The sunset of getpersonas.com

Over four years ago getpersonas.com was built as a gallery to hold Personas - easy to make and use themes for Firefox. A lot of programs were supporting skins at the time, but I don't know of any which were so simple (literally, move your mouse over an image on a webpage and it's applied). A community of artists formed and many designs emerged - some amazing and popular, some focused on specific things (hat tip to CollieSmile), many for sports, or brands, or just people who wanted pictures of their family in a spot they noticed all day long.

Honestly, I thought they seemed gimmicky at first, but I started using them casually and they can be pretty fun. Every once in a while I'll look up at my search box and see this guy and crack a smile and that's enough reason to keep using them for me.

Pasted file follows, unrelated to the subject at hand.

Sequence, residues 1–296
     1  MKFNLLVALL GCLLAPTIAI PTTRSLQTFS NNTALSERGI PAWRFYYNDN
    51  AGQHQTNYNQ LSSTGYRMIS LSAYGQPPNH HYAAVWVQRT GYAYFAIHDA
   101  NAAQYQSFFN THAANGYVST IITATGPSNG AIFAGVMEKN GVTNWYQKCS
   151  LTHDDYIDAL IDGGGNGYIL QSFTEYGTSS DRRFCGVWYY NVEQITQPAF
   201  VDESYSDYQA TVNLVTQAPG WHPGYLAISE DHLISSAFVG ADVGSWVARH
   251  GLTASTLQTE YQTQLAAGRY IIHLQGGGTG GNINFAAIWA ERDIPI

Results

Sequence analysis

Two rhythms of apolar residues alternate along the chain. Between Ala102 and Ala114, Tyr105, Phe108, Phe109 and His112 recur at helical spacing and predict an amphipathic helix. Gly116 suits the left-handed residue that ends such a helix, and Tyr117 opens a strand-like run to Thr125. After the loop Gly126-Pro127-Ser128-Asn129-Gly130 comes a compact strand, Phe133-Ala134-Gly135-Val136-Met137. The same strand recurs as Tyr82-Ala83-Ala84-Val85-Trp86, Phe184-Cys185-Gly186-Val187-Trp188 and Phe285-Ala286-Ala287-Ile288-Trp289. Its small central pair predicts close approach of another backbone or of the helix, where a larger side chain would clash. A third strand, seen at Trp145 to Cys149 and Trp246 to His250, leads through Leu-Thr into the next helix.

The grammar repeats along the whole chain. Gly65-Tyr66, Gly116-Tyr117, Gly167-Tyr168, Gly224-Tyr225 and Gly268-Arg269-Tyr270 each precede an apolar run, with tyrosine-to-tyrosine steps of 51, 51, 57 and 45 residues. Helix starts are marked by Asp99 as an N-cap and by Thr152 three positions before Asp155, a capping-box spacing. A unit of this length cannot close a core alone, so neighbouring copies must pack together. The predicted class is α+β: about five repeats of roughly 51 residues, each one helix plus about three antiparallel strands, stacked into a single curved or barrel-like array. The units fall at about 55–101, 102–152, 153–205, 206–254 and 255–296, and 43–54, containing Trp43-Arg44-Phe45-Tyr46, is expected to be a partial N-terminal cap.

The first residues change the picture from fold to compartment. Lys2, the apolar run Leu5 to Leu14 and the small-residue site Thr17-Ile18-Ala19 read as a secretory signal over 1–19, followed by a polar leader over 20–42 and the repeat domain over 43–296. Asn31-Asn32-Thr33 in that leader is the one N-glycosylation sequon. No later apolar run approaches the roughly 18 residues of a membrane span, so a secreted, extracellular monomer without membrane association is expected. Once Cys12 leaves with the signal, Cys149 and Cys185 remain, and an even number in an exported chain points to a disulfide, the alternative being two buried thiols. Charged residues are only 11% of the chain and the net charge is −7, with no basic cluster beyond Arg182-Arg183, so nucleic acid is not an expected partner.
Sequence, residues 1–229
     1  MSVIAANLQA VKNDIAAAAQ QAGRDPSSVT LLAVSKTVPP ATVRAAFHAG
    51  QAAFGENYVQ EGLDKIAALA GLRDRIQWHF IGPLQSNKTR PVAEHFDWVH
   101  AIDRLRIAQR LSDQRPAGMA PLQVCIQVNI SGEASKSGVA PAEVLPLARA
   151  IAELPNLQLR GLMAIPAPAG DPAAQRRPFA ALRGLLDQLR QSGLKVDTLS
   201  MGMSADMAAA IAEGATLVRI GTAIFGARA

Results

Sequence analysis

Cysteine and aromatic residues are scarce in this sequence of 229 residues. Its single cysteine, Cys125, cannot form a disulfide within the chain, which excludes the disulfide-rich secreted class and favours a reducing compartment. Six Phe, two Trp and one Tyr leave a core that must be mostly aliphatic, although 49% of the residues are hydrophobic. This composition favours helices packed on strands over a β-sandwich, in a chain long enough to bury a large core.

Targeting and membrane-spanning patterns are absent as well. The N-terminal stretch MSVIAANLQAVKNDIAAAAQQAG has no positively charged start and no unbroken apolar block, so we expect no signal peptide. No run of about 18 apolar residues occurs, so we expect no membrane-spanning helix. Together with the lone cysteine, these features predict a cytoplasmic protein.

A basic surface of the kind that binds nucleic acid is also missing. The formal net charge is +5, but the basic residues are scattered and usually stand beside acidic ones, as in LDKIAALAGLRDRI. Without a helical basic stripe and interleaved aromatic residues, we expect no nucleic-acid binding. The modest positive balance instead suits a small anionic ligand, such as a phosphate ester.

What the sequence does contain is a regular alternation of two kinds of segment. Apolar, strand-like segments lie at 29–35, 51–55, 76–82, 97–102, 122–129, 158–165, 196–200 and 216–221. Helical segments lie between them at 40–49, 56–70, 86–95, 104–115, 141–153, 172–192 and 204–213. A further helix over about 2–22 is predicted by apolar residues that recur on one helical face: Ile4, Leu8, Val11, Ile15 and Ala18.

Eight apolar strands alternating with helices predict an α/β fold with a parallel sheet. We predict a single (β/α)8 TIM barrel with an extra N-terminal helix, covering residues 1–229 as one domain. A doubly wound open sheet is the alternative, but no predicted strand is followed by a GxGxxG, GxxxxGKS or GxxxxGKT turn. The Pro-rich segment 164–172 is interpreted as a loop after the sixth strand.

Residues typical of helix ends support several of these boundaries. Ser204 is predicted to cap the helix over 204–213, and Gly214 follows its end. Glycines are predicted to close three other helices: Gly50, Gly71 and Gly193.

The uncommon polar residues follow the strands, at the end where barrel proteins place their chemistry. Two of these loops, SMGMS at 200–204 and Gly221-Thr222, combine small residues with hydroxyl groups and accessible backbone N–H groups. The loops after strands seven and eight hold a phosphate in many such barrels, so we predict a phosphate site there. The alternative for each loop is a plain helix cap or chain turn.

Now I'm treading down the dangerous path of naming names - a road full of mine shafts and sharp turns - and if I make a mistake, my apologies, please let me know or leave a comment. I wasn't involved at the start of the Personas project but I think credit for the idea goes to Chris Beard, original add-on development to Myk Melez, original Firefox development work to the Mozilla Labs team, Toby Elliott and Ryan Doherty as the primary web developers, Stephen Donner and Krupa Raj for QA, and Jeremy Orem for IT Support. I know other teams worked on code here and there, but I think those were the primary contributors. I was focused on the engineering aspects so I'm not sure who to credit for the operational side of things - I know someone was managing day to day life at the time (it was Deb Richardson at some point, and today it's Amy Tsay) and there were numerous volunteers reviewing submissions as they came in. It's probably worth noting that in all the queues of all the sites at Mozilla the getpersonas.com queue was the only one I regularly saw completely finished and empty - kudos to those reviewers.